A heterostructure is a crystal composed of multiple semiconductors of different types. Generally these are in the form of more or less thin layers aligned one after the other in a direction called the growth direction. The interface between one layer and the next is called a heterojunction.


It is possible to realize very refined heterostructures, with transitions from one semiconductor to another with atomic precision, by means of epitaxial growth techniques such as molecular beam epitaxy (MBE) or MOCVD (Metal-Organic Chemical Vapor Deposition). These techniques allow to deposit the materials with such accuracy to provide a range of possibilities extremely wide to the realization of heterostructures.

In particular, through the alternation of materials of different forbidden band, they offer the possibility to develop systems in which the charge carriers are confined in spaces with reduced dimensionality. In this way, more optically efficient materials or materials with higher carrier mobility can be obtained. For this reason, most of the semiconductor devices currently produced are made of etho-structures: these are the fundamental elements of high-performance optical sources and detectors and of digital and analog devices that require high operating frequencies.

From a mathematical point of view, heterostructures and their properties can be studied with varying degrees of precision: from the most idealized methods, suitable for modeling particularly pure crystals, to those able to take into account crystal impurities or doping of various kinds.

Ideal heterostructures

In an idealized heterostructure model, perfect lattice fit is achieved when the various semiconductors are characterized by crystals of the same symmetry (e.g., that of zincblende) and with lattice steps of the same size. Elastic deformation effects that could lead to changes in the band structure of the crystal are therefore neglected. In such a model, it is also assumed that the crystal retains total homogeneity and isotropy in directions orthogonal to the growth direction, taken along a cubic axis.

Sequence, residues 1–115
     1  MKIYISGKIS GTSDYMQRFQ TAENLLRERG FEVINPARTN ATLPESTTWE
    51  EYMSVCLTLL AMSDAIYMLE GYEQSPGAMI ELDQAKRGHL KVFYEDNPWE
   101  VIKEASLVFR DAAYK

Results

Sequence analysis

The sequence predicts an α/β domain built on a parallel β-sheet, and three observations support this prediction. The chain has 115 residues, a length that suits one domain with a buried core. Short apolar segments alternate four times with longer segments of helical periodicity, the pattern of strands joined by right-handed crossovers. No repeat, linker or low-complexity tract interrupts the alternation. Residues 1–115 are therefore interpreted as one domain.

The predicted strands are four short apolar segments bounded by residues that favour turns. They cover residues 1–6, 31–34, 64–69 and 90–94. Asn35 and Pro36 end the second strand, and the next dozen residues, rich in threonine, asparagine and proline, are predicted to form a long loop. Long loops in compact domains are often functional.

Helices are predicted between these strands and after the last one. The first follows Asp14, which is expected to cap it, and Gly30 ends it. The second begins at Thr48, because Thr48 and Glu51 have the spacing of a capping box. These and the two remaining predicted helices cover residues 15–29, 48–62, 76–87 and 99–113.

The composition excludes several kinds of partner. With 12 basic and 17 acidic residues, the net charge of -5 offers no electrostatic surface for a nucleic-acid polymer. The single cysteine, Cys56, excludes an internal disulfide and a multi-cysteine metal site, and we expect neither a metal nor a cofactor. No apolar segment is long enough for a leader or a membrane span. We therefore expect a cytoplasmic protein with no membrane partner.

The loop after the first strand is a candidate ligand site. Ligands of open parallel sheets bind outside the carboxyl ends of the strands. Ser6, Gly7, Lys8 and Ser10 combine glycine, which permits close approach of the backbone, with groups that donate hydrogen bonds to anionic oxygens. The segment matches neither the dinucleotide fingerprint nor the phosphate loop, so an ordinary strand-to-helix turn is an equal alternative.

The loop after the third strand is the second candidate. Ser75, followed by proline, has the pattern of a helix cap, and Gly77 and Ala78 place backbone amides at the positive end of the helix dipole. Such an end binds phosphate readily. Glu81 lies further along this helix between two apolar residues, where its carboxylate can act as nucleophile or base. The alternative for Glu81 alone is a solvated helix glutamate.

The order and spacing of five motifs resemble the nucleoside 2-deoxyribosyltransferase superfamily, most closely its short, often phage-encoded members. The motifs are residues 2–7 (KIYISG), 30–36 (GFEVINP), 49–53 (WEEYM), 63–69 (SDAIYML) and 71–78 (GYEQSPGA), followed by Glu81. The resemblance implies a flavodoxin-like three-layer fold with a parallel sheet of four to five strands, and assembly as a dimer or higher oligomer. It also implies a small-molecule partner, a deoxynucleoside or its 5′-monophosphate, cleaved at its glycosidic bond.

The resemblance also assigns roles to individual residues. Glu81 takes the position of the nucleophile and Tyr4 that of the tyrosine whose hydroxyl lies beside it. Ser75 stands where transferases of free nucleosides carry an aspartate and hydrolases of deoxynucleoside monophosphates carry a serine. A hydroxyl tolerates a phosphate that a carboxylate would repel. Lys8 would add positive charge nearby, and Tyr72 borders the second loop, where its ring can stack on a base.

In such conditions, the translational symmetry of the crystal in the direction of growth is lost: it is no longer possible to speak of Bloch eigenfunctions and therefore of band theory in that direction. Instead we can continue to speak of bands for the directions orthogonal to that of growth and the approximation of perfect lattice matching makes that in the various layers the band structure has the same symmetries and the various bands refer to different energies. Nevertheless, one finds in all semiconductors of the heterostructure the same point in the bands.

A subsequent approximation, called the flat band approximation, neglects all the charge transport effects that can occur at the interfaces of the various semiconductors and that can give rise to electric fields. Given all of these approximations, graphing a point of the bands as a function of the direction of growth yields a constant function at intervals.

Among the heterostructure models we recognize the quantum dot, the quantum wire the quantum well, the super lattice and the multiple quantum well. Each structure exhibits particular quantum effects generated by the discreteness of energy states in certain spatial directions.

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